Predictions Will Sometimes Be Wrong
Artificial-intelligence tools rely on available data to generate a prediction. Agrawal, Gans, and Goldfarb identify three types of necessary data: training, input, and feedback. The tool is developed using training data and fed input data to generate its prediction. Feedback data from the generated prediction are then used to further improve the algorithm.
More and richer training data generally contribute to better predictions, but collecting data can be resource intensive, constraining the data available for initial training. Feedback data fill the gap, allowing the prediction machine to continue learning. But that feedback data must come from use in the real world. Consequently, the predictions of artificial intelligence are more likely to be wrong when the tool is first fielded. “Determining what constitutes good enough [for initial release] is a critical decision.” What is the acceptable error rate, and who makes that determination?
Even if data are plentiful and the algorithm refined, if data are flawed the predictions will still be incorrect. Additionally, it’s important to remember that all data are vulnerable to manipulation, which would significantly degrade the tools of artificial intelligence. For example, feeding corrupt input data into a prediction machine could crash an artificial-intelligence tool. Alternatively, the input data could be subtly altered such that an artificial-intelligence tool will continue to function while generating bad predictions. By altering just a few pixels unrecognizable to the human eye, researchers at the Massachusetts Institute of Technology successfully fooled one of Google’s object recognition tools into predicting an image of four machine guns was actually a helicopter. Similarly, feedback data can be manipulated to alter the performance of an artificial-intelligence tool, as was observed in Microsoft’s failed Twitter chatbot, Tay. Training data introduce their own vulnerabilities into artificial intelligence—an adversary can interrogate the algorithm, bombarding it with input data while monitoring the output in order to reverse-engineer the prediction machine. Once the inner workings are understood, the tool becomes susceptible to additional manipulation.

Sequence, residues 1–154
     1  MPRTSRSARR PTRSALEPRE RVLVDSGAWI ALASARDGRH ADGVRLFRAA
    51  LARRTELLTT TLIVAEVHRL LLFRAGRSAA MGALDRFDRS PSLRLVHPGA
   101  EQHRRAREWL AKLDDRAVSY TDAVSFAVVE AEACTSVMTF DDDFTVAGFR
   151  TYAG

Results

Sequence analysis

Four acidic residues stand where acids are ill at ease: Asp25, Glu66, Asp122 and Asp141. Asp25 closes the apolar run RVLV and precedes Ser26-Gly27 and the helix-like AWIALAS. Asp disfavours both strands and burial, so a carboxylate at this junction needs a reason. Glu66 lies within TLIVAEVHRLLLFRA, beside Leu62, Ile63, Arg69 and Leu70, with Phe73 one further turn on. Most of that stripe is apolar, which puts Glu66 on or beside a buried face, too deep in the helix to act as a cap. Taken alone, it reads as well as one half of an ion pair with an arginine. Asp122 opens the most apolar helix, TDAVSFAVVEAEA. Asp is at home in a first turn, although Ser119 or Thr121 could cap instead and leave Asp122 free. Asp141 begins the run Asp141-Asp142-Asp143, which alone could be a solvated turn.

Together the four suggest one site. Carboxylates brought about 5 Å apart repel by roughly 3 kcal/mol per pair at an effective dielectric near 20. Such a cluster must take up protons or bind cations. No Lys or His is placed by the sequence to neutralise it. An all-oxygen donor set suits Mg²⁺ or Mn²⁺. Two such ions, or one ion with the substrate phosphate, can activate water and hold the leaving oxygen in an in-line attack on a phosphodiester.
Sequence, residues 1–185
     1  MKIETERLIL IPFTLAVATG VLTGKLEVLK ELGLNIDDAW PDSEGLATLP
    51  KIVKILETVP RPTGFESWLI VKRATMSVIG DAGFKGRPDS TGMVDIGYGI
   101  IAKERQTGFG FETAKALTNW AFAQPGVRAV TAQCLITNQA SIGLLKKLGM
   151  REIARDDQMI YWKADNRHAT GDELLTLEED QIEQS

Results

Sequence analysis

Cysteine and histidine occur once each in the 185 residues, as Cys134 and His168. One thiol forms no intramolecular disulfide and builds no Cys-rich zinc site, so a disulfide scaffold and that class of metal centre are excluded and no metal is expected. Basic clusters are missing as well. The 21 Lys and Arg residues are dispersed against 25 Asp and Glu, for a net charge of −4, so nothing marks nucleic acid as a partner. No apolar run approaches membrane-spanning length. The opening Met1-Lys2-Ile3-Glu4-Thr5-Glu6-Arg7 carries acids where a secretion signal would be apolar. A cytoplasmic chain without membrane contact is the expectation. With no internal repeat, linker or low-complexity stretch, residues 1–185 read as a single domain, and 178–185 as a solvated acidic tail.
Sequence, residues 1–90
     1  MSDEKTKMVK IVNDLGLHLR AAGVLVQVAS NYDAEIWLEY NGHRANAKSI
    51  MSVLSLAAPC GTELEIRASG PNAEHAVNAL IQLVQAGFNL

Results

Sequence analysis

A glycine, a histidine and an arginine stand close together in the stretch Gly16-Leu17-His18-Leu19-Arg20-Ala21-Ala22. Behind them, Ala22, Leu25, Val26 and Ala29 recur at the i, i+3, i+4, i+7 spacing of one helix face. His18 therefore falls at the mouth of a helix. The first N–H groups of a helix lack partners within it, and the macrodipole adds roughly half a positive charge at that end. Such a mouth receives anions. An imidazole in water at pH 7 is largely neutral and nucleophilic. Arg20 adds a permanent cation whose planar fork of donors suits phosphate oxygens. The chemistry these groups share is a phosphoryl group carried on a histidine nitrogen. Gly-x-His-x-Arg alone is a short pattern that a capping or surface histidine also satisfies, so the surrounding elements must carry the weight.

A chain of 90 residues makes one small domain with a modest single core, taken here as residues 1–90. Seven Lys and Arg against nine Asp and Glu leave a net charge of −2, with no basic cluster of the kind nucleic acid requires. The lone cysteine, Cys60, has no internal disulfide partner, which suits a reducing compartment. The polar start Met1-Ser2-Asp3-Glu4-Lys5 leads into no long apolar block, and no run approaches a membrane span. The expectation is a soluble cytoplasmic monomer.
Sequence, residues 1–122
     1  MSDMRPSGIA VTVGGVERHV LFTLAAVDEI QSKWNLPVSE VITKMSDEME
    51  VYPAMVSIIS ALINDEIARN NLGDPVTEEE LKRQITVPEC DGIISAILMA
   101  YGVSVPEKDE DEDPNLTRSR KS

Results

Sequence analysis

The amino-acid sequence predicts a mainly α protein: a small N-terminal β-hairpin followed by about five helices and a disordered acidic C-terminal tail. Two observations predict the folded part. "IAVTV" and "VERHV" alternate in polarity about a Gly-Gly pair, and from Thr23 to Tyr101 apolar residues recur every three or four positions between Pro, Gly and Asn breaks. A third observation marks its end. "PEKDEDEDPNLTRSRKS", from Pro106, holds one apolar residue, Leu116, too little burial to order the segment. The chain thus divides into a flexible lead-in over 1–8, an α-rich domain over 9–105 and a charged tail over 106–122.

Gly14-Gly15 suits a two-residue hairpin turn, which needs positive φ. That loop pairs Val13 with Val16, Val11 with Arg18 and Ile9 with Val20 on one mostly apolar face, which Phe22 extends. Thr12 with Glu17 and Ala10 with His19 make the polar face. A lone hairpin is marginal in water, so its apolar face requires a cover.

Detecting flawed predictions, either due to inadequate learning or adversarial data manipulation, poses a significant challenge. It’s impossible to open the artificial-intelligence “black box” and identify “what causes what.” While DARPA is trying to resolve this shortcoming, presently the only way to validate whether the predictions are accurate is to study the generated predictions. Agrawal, Gans, and Goldfarb suggest constructing a hypothesis to test for flawed predictions and hidden biases, and then feeding select input data into the prediction machine to test the hypothesis. However, since “we are most likely to deploy prediction machines in situations where prediction is hard,” the authors acknowledge that hypothesis testing of these complex predictions may prove exceptionally difficult. This challenge may be further exacerbated in military-specific scenarios due to the lethal outcomes that often characterize perplexing military problems.
Decisions Based on Predictions Will Still Require Human Judgement
For all the promise of more, better, and cheaper predictions, the decisions based on those predictions will still require human judgement. In fact, just as the value of creamer rises with the value of coffee (they are economic complements), we can expect the value of human judgement to rise as predictions generated by artificial intelligence become more prevalent.